We collected 200 Litres of spawn from the site, and moved it to the nearest large body of water (approximately 1 mile due east), which we had observed last week to have also been selected by Common Frogs for spawning.

 

Recipient Site

We observed Smooth Newts and Common Toads spawn at the temporary site today. We will return over the next few weeks to rescue any other tadpoles as the pond dries out. A local volunteer who helped us today mentioned that the three species observed have used the area since the 1940's, but now the pond dries out completely.

Please note: There are many reasons why moving Frogs spawn may be inadvisable, please contact Froglife on Tel: 01986 873733 for advice if you think there is a genuine conservation reason to lift Frogs spawn to another site.

 




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Gemma Fairchild
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Posted: 20 Mar 2003 Topic: Fate of Frogs Spawn in Temporary Pools?



We moved another 60 Litres of spawn today, many of the tadpoles were stranded in the surrounding mud and we rescued those we could.

20th March showing further drop in water level

We also took a walk around the area to find the woodland pond managed by the same Park Ranger, this area has had attention in recent years, we were very pleased to find masses of frogs spawn here too, so Dartford certainly has a thriving Common Frog population

Woodland Pond




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Gemma Fairchild
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Posted: 26 Mar 2003 Topic: tadpole



Hi Cade,

Common Frog Tadpoles

Start by feeding on the leftovers of the spawn they hatch from.

They then move onto green filamentous algae often found growing on aquatic plants.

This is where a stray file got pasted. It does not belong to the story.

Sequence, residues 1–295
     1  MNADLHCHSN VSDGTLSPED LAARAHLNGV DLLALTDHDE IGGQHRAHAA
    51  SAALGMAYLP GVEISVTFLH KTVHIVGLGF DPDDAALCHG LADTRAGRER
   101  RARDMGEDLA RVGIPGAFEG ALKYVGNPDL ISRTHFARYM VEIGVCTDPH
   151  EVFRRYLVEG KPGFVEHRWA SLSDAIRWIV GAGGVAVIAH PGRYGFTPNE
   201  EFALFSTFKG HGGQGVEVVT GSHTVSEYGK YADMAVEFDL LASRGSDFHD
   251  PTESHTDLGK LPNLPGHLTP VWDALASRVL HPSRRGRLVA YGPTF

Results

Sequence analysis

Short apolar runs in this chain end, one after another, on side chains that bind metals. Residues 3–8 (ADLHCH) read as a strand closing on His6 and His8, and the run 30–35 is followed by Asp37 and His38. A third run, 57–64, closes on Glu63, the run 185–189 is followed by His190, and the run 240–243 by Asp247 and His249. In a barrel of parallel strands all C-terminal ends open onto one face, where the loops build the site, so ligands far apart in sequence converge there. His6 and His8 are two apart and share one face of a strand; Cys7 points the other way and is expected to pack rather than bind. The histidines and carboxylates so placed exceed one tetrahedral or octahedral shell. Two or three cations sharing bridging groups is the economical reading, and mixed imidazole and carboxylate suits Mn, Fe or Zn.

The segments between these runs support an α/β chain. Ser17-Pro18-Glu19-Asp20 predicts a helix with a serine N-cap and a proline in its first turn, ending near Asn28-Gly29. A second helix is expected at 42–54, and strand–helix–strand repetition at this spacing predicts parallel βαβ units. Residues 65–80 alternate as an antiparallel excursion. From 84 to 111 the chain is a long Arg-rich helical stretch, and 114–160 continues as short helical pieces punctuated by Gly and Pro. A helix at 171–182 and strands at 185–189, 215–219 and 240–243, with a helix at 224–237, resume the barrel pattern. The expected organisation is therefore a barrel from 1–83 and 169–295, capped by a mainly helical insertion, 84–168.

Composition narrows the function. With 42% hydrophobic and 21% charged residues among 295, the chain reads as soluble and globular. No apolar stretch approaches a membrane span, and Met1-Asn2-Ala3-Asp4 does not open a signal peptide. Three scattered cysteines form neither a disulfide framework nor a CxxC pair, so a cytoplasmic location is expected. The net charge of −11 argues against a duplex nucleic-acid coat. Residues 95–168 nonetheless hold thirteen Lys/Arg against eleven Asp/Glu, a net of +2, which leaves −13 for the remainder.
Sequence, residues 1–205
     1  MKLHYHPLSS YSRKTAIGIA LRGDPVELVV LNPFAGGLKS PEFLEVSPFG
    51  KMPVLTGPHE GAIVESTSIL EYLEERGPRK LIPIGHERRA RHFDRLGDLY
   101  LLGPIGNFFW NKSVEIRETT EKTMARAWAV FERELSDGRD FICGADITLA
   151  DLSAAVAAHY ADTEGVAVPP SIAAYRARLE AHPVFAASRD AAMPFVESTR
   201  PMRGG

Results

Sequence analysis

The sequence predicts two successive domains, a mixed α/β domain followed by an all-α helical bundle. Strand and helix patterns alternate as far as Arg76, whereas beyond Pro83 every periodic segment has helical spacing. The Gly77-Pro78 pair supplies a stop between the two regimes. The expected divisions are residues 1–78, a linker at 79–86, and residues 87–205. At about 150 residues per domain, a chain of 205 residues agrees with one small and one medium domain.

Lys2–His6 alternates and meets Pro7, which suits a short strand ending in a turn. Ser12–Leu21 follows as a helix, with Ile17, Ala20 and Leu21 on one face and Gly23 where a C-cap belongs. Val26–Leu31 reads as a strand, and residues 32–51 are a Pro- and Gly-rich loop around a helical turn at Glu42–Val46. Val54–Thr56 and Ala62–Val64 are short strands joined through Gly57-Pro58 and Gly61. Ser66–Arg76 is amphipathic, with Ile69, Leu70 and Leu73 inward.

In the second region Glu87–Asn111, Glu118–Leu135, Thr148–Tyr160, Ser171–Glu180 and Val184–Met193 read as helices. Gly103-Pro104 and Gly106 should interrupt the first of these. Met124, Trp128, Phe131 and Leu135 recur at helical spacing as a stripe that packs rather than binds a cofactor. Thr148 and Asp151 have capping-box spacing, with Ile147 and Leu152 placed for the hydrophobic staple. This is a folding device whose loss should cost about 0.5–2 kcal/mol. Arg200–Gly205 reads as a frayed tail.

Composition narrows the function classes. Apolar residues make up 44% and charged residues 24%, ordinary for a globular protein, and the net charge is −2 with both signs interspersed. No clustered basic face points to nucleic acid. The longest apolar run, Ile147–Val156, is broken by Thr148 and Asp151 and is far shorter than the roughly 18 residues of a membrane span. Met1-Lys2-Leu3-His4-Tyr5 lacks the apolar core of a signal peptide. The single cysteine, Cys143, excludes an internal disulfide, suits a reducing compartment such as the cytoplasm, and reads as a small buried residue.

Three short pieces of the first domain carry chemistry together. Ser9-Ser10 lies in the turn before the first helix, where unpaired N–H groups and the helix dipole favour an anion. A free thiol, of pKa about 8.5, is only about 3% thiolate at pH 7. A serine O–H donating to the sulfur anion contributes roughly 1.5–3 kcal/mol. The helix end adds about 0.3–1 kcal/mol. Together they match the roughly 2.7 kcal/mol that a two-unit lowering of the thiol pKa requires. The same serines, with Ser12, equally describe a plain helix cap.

After a week or so they become omnivorous, eating algae and meat in the form of dead invertebrates such as worms and insects.

Common Toad Tadpoles,

Start the same, but mostly only eat algae until they metamorphose




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Gemma Fairchild
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Posted: 28 Mar 2003 Topic: rescued tadpoles



Hi JaneW,

Firstly, I was a little surprised Froglife advised you to grow them on yourself, I didn't really consider it an option, but it's not as bad as it might seem!

Firstly, de-oxygenation of the water isn't such a problem in bowls, which have a large surface area, just don't leave them in full sun, and not too many plants as the tadpoles grow larger. It should then be sufficient to top up the water with fresh just to keep the level up in the bowl. The water does not strictly need boiling, standing for 24 hours is sufficient to de-chlorinate the water, I have never had a problem with water straight from the tap with tadpoles of Common Frogs.

On the food issue, they are little eating machines, they will eat anything from dried fish food to dead vertebrates. My own preference is for chopped up earthworms and crickets, as they do not foul the water like fish food, and are a little more natural. (they don't have to be live, dried crickets are available)  They become meat eaters at about 1 - 2 weeks depending on the temperature they are kept at.

With amounts, you will soon see how much they need, as they grow and become free swimming add a few bits of food and see how quickly it goes. Using worms I just add a few chopped up ones and add more when it is all gone.

Your sisters worries are unfounded, the danger of suffocation of the fish is past, this occurs during the spawning frenzy when an adult frog may accidentally grab a fish thinking it to be another frog, your little tadpoles really do not present this risk! (This only occurs very rarely)

If she insists, grow the tadpoles on to little frogs, then they can be released without putting them back in a pond, just somewhere quiet and safe with plenty of cover.

If anyone else has anything to add, I am sure it will be appreciated




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Gemma Fairchild
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Posted: 28 Mar 2003 Topic: rescued tadpoles



Hi Janew,

Glad I could help. The advice on redleg is translocation no further than 1km from the original pond.

I see no problem at all with you releasing them in the Garden, and why not give them a pond as well! Common Frogs are living in gardens in Central London quite happily. They prefer damp margins of ponds when tiny, but can do quite well far away from water, only seeking a pond when they come to breed at 3-4 years of age. (It might be an idea to sink a bowl of water in the shrubs they can use if they like to begin with, make sure it has some plants and rocks so they can easily climb out.)

If it is any consolation, I've about 300 common frog tadpoles growing on here a few weeks ahead of yours, so any more worries let me know